Harvard University students Avi Schiffmann, 19, and Marco Burstein, 18, have gone viral for finding a way to help Ukrainian refugees find shelter.

The duo created a website, Ukraine Take Shelter, which helps Ukrainian refugees find shelter all around the world, and it already has over a million users.

Schiffmann told The Washington Post that he knew he needed to take action after attending a protest against Russia’s invasion of Ukraine at San Diego’s Balboa Park in February.

The college student noted that he was visiting the West Coast while taking a semester off.

“I couldn’t stop thinking about what I could do to help,” he said. “I wanted to do something that would have an instant impact.”

This wasn’t the first time Schiffmann coded for a cause. Two years prior, he developed a website, ncov2019.live, devoted to tracking the spread of COVID-19 around the world.

“I know how to make all these websites and apps and, you know, I felt that nobody was going to do it,” Schiffmann told NBC Boston on Wednesday. “So why don’t I just do it? So, I made this website.”

That’s when he tapped Burstein to help him quickly develop the website.

“That night, I started working on designing the user interface and the basic site structure, went to sleep, woke up in the morning, and called my friend Marco from college, who’s an amazing web developer,” he added.

The two got to work and on March 3, they launched Ukraine Take Shelter.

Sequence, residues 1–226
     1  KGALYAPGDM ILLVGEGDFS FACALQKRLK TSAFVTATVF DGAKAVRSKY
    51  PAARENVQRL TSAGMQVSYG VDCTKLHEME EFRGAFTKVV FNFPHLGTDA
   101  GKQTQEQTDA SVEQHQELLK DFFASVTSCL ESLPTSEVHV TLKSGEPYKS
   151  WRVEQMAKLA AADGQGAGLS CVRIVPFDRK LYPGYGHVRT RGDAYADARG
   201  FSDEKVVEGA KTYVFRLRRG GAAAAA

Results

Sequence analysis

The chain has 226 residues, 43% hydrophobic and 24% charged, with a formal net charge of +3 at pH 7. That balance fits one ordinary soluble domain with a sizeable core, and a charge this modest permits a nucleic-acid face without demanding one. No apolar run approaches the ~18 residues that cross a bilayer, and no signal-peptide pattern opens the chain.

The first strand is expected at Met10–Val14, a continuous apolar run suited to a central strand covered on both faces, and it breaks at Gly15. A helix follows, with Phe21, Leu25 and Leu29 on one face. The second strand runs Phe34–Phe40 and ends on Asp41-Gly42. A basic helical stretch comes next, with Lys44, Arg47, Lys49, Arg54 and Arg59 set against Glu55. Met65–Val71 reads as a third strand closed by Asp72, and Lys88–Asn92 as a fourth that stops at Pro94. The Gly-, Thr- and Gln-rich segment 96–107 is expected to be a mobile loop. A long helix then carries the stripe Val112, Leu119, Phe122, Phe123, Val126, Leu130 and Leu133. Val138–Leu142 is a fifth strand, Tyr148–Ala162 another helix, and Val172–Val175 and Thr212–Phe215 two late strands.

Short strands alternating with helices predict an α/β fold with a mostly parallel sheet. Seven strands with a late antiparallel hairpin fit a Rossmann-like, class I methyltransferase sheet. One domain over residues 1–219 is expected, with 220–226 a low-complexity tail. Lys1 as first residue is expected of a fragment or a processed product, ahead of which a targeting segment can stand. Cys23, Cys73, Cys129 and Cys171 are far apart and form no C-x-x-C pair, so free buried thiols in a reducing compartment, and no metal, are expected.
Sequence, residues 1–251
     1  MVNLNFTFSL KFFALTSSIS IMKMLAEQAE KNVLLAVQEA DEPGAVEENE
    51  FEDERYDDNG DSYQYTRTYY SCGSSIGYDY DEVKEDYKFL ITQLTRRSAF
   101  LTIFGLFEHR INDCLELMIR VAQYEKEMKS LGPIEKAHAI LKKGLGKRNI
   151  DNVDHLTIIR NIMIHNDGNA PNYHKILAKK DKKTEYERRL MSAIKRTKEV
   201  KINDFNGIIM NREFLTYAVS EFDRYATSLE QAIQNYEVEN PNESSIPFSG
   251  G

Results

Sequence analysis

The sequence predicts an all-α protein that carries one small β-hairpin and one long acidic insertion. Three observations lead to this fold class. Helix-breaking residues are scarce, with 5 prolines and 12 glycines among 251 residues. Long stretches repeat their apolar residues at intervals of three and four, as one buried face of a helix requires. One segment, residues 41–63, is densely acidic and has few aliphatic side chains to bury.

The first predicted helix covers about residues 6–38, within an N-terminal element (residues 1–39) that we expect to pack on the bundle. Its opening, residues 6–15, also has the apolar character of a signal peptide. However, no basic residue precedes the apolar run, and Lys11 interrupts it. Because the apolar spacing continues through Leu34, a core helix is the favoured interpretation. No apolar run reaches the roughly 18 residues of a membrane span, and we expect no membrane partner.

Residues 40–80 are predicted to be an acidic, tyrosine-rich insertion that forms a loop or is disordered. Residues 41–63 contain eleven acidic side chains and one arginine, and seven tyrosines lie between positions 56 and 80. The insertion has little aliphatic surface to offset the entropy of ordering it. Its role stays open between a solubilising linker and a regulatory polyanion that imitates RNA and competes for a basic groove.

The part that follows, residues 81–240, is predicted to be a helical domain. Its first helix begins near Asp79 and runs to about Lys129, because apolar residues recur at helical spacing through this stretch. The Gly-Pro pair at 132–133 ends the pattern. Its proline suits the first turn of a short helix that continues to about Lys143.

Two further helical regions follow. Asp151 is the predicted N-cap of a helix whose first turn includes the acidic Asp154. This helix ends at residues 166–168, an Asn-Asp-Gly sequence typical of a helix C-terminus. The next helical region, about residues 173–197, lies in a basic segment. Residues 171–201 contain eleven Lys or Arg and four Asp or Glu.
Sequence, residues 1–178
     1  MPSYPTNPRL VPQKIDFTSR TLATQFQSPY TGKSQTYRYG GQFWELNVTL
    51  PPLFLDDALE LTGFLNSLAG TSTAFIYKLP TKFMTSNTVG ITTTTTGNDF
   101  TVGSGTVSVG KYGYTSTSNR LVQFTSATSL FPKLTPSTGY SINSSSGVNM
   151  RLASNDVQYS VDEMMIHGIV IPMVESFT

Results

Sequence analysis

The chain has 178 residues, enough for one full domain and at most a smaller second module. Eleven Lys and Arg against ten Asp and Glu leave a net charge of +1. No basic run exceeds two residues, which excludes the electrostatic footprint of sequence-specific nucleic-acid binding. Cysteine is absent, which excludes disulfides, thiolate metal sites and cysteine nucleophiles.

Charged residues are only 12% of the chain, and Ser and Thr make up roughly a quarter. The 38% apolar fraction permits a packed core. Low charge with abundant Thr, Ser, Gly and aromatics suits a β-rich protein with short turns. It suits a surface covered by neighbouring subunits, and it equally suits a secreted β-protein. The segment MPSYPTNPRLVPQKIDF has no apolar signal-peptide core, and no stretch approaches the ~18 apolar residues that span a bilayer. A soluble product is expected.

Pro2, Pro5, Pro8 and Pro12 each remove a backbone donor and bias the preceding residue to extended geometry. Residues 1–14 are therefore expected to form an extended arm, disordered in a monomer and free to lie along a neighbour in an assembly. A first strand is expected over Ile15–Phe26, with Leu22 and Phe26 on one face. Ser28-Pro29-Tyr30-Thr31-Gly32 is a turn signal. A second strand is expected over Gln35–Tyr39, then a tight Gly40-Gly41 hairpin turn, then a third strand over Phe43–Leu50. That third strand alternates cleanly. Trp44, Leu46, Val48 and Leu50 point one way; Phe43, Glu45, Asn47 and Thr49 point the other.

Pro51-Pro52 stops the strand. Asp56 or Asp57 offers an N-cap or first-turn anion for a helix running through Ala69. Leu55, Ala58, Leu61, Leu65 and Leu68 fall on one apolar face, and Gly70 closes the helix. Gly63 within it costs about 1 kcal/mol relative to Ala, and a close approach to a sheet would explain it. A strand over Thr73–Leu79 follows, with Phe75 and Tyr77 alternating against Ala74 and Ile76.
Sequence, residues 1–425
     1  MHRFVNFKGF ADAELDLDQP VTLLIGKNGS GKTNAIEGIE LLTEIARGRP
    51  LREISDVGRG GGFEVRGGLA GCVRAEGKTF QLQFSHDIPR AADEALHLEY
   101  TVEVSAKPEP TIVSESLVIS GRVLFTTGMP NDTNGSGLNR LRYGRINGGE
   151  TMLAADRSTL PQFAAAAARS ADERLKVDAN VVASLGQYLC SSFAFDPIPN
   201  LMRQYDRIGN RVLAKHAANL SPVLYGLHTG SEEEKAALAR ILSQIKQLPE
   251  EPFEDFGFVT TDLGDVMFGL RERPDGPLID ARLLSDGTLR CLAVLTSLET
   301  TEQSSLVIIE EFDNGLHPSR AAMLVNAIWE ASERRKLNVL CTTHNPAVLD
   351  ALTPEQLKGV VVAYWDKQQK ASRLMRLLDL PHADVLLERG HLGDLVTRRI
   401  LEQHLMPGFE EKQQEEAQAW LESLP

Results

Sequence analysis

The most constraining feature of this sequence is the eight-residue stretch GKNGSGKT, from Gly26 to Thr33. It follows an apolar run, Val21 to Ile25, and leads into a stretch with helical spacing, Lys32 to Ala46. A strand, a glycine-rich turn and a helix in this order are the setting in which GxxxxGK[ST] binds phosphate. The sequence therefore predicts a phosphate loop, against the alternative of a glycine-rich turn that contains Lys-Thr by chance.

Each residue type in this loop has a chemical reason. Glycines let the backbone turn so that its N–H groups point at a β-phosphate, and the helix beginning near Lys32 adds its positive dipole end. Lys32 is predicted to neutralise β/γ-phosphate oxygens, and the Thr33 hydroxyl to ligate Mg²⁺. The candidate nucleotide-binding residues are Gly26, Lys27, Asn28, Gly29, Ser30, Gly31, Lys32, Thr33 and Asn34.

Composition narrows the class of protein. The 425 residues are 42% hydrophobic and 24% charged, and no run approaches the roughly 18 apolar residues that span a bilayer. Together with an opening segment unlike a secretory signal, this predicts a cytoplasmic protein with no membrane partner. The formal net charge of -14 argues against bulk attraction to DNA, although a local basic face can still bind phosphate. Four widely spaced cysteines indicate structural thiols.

The site, which is in 15 languages, provides listings around the world that range from a vacant resort condo to a bedroom in an apartment. All the person has to do is input their location and the nearest places that are accepting residents will pop up.

“It’s like a public bulletin that you can bring with you no matter where you are,” he said.

According to The Washington Post, more than 4,000 potential hosts have signed up for the website within the first week that it launched, and Burstein and Schiffmann are seeing these numbers rise every day.

“The number of new hosts we’re getting every day is mind-blowing, and we’re seeing immediate results in how the website is making a difference,” Burstein shared. “It’s literally saving lives for people in a terrifying situation.”

“We’re really thankful for the real volunteers or the people hosting their homes for all these refugees,” Schiffmann said. “We’ve heard incredible stories.”

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